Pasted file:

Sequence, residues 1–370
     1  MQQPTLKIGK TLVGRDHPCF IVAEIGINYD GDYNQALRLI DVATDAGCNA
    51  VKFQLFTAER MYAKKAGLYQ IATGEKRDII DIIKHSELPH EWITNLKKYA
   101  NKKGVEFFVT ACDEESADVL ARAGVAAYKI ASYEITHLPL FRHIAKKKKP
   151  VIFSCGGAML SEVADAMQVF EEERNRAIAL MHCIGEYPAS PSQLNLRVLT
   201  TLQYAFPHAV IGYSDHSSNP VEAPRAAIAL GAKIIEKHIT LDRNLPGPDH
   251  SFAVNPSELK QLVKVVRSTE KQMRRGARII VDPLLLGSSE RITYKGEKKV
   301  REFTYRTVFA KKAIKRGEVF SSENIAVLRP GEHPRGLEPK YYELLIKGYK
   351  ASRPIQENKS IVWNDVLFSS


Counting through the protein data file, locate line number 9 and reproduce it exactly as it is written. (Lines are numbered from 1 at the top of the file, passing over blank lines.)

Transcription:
   351  ASRPIQENKS IVWNDVLFSS